You are here: Home » Reuters » News
Business Standard

World markets seismograph: charting disturbances

Reuters  |  LONDON/NEW YORK 

LONDON/NEW YORK (Reuters) - Before this week's jolt from rising North Korea tensions, world had rarely if ever been calmer or more buoyant.

Despite intense political uncertainty over the past 18 months surrounding the unexpected election of Donald Trump as U.S. president and Britain's surprise decision to leave the European Union, volatility in key equity and bond had tested some of their lowest levels in a generation.

The S&P 500 this week completed a run of 15 consecutive closes less than 0.3 percent in either direction, a level of stability not seen since 1927, according to Deutsche Bank.

Wall Street and MSCI's broadest measure of world stock are at all-time highs.

Yet as the escalation in nuclear tensions between the United States and North Korea has shown, confidence can very quickly evaporate.

Volatility spiked on Wednesday and Thursday to some of its highest levels since May. The rise in implied volatility on Wall Street was the second biggest in nearly a year.

The big question now is whether these gyrations quickly dissipate, as with so many similar spikes over the past year, or whether current events were a trigger for a more durable correction to one of the longest-running bull in history.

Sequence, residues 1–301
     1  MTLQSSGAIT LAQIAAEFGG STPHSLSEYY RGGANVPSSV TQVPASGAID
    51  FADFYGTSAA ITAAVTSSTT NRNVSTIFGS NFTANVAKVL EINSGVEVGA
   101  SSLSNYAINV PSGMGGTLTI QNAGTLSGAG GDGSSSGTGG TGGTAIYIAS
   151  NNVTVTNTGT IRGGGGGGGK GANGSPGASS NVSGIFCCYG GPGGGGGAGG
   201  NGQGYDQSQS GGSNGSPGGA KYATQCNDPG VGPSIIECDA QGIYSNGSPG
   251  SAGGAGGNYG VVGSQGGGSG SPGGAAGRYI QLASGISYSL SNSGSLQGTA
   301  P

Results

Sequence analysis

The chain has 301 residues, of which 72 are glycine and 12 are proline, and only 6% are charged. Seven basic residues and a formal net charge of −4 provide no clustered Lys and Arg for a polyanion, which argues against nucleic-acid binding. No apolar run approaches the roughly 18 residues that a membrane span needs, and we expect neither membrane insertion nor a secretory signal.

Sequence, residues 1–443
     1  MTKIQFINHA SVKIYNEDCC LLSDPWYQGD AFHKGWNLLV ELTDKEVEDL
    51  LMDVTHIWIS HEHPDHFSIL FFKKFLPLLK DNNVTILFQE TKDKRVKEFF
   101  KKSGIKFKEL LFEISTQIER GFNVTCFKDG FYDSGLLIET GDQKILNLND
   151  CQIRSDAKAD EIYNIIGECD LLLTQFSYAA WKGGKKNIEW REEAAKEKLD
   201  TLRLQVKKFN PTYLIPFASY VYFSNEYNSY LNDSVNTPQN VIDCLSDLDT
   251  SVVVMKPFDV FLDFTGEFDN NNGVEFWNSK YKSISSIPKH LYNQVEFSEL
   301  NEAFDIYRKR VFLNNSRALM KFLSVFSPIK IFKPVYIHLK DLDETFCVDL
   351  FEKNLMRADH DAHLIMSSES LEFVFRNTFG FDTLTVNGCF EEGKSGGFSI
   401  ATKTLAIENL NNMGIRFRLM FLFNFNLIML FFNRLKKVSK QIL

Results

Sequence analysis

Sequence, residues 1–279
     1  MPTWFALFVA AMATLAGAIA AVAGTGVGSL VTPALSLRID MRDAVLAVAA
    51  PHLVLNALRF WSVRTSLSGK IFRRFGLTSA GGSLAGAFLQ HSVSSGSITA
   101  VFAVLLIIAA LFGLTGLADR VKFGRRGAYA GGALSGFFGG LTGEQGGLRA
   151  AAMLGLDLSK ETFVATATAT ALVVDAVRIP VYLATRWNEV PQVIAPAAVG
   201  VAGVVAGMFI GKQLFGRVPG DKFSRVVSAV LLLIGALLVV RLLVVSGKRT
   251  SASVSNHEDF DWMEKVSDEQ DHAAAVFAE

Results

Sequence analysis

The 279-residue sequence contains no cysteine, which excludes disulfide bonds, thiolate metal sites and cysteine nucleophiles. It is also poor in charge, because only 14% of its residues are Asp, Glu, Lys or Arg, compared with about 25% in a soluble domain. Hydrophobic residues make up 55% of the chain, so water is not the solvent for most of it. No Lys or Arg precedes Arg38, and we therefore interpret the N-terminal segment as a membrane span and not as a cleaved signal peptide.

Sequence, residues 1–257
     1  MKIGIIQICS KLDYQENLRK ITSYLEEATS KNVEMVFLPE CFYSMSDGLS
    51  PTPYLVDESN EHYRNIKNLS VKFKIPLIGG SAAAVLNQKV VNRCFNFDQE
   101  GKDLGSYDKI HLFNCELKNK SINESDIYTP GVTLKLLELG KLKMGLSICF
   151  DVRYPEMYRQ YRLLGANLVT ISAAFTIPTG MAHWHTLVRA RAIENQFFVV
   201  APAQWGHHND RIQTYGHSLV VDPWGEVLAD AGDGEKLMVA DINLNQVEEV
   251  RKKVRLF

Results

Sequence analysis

Below is a of charts that aim to capture the big picture of how market developments unfold.

Please see graphics below:

World equities slip off record highs:

Volatility spikes from historical lows:

Steep drops a fading memory on Wall Street:

Benchmark bond yields:

Shock absorbers:

Major volatility indexes:

Daily 52-week highs vs. lows on U.S. exchanges, declining volumes:

S&P 500 and NYSE margin debt:

Major S&P down days under the last four U.S. presidents:

(Reporting by and New York teams)

(This story has not been edited by Business Standard staff and is auto-generated from a syndicated feed.)

First Published: Fri, August 11 2017. 00:06 IST